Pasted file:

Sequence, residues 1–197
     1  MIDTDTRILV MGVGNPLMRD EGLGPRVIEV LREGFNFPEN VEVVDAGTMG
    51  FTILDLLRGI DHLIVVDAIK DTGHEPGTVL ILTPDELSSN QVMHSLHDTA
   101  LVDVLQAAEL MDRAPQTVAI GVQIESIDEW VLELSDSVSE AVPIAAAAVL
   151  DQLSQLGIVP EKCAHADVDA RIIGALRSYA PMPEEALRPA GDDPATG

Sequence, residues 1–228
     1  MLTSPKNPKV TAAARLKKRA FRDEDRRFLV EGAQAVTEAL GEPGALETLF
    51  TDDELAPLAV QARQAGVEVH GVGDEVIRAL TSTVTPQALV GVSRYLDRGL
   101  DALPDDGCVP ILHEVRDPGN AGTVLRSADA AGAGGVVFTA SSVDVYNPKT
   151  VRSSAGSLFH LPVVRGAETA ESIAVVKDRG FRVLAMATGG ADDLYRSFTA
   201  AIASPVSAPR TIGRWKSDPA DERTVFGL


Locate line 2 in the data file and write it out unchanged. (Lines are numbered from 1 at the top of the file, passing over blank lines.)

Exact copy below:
     1  MIDTDTRILV MGVGNPLMRD EGLGPRVIEV LREGFNFPEN VEVVDAGTMG